We're back on the high point trial again and after flying into Salt Lake City, Utah, we started another road trip! After spending two days chilling out in Park City, we made our way out East to the High Unitas Wilderness. King's Peak, at 13, 528 feet, is Utah's highest point and was to be our 42nd high point and the the first of the many more 'difficult' ones on the West coast side. We arrived via the Henrys Fork approach which leads you from Interstate 80 to Mountainview and via smaller roads to Henry's Fork Campground which is the trailhead for what would be a 28.8mile, 3 day hike. It was Monday 19th July, 2010 and at 10.30am the carpark at the trialhead was surprisingly full. As we checked our backpacks and filled the platypus-paks with water, we watched a carloads of boy scouts piled out getting ready for their own hikes. We signed the visitors register and were on the trial at 11am. For the next 6 miles, we hiked though the trees which mostly followed a river. The elevation was pretty steady with the pain coming more from the heavy backpacks we were carrying and the very annoying mosquitoes and bugs which were a constant presence in droves. Why couldn't we pack lighter we continually asked ourselves! After a sketchy river crossing on two logs, we finally made it to the open fields on our way to Dollar Lake which was to be our camping location for the trip. It took us 5 and a half hours before we arrived (after initially hiking past the lake and missing it entirely and having to double back unfortunately). We scouted a good tent site settling on an opening higher up overlooking the lake as the area around the lake was quite marshy and wet. The mosquitoes there were horrible - at any one time there could be like 15 mosquitoes hovering over your skin. Only the 4 layers of insect repellent was saving us from being eaten alive. We only wondered whether having this much insect repellent and sunscreen on our skin was causing us chemical poisoning on the inside! We scoffed down Spaghetti sitting by the lake before scrambling into the tent (more so to avoid the mosquitoes) and headed to sleep at 9pm to ready ourselves for an early start in the morning for the climb to the peak. With a 5am start, we left our tents with lighter day packs heading up to Gunsight Pass. The clouds were very threatening and a few droplets of rain here and there often had us stopping to scramble to put on our rain gear only to find it wouldn't actually rain. When we got to the top of Gunsight Pass we had the choice of either going down into the valley to do the longer valley route up to the Peak which would add a few more miles to our day, or to take the much steeper climb up the immediate mountain scrambling over rock. Rather than loose altitude we decided to head up and spent the next hour or so hiking over rocks which took lots of concentration to ensure one didn't loose balance. Even though we had spent effort to climb over the ridge, we were only welcomed with seeing that we had to traverse across the mountain to the base of the next mountain which would be where we would accent up to King's peak. It was an hour of balancing over rocks which took a lot of concentration. On King's Peak, the mountain was made of rocks - big ones, small ones, boulders, scree and everything in-between. This was no hike or stroll up the mountain - it was a constant scramble up and over sharp rocks all the way to the top and took a lot of concentration which can be tiring on its own. After a few false summits, we made it to the top! While we were on top we were lucky enough to have some sun shine though and it gave us a great view of the various lakes in the area down below, and the mountain ranges all around. There wasn't much at the top though - no statue, monument or box to mark the high point, so after a few pictures and mouthfuls of trail mix and energy bar, we headed down and scramble back over the rocks. It was good timing as dark clouds were starting to roll in! On the way back, we decided to take the longer route through the valley rather than climb back over the ridge the way we came though. We figured it would be a flatter easier hike rather than scrambling over rock for hours. What was already a longer route became even longer when we decided to take a shortcut and we got lost. We spent another hour hiking across the valley floor trying to find our way back on the trail as the GPS we had kept telling us we were on the trail but we couldn't see it! All the while we could see Gunsight Pass at the top which was our target place. We finally made our way back through Gunsight Pass and back down towards Dollar lake but we were completely exhausted. It was 5pm by the time we arrived back at our camp. Rather than pack up and hike out (which would have taken another 4-5 hours), we decided to crash and camp out another night. Stuffing some lasagna in our tummies, we crashed early. The next morning as were were packing up the camp, we were rewarded by two young moose who made their way to the lake for a drink. It was a pretty cool sight to see them walk across the lake though it did make me think about the water we had used to drink (purified as best we could) from the lake as well! Just after 9am we made our way back on the trail. 4 hours later, after passing many more boy scouts making their way up on the trail, we arrived back at the car. We were happy to get away from the mosquito infested woods and made our way to find a hotel and a hot shower to wash away the 3 days of sunscreen and bug spray!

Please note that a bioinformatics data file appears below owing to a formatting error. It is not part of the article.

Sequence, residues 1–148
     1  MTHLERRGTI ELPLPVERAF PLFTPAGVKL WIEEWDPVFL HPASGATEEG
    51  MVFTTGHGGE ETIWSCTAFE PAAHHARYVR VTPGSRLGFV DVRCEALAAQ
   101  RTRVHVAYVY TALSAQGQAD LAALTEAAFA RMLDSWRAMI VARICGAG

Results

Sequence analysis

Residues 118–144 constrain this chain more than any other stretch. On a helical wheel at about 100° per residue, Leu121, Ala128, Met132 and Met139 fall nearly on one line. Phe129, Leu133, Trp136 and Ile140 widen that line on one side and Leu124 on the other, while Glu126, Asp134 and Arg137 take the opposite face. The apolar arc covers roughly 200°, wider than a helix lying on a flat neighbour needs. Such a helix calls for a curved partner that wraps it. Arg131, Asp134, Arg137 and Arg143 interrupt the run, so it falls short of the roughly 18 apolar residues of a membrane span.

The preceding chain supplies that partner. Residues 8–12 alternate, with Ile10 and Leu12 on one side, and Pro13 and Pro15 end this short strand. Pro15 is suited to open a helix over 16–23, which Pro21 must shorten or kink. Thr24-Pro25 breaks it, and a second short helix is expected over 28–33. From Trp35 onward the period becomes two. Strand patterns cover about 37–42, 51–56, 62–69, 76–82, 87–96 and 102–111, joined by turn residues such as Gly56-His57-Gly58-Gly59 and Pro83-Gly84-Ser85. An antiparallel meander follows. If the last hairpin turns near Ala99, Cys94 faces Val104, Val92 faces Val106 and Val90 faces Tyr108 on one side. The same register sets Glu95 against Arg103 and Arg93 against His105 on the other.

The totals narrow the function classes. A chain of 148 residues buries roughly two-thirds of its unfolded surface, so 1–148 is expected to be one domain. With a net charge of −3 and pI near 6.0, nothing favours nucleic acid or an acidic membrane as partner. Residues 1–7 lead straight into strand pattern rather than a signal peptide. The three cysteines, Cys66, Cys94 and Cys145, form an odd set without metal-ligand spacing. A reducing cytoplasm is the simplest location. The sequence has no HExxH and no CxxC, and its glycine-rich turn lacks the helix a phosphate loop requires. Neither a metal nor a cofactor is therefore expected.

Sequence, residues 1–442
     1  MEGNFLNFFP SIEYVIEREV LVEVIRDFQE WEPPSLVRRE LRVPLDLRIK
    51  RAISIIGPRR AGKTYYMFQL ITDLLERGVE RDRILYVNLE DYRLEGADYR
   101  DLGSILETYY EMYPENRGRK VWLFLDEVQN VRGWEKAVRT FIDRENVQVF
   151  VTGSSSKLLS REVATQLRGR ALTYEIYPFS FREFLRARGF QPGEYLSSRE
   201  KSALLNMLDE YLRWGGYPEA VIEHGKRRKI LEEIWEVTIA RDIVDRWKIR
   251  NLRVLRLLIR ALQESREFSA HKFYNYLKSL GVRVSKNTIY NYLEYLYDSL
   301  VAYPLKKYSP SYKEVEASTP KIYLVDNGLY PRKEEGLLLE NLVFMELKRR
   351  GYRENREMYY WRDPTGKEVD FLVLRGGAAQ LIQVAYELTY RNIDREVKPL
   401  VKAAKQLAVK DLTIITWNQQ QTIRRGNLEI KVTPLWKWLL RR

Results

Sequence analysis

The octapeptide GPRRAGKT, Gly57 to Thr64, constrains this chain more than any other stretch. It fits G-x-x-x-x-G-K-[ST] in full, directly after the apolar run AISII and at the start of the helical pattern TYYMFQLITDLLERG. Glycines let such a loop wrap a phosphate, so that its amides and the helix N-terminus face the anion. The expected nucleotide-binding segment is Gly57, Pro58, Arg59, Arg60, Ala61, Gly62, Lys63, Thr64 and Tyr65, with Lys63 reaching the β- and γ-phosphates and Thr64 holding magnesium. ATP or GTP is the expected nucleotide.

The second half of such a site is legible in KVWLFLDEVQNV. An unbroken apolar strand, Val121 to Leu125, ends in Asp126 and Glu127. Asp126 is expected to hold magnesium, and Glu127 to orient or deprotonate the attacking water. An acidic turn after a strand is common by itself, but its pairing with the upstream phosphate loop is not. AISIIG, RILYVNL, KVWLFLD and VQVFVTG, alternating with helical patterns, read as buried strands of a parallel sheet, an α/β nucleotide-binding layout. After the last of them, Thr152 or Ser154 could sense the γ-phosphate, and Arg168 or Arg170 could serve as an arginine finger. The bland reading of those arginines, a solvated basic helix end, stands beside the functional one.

Sunday, July 12, 2009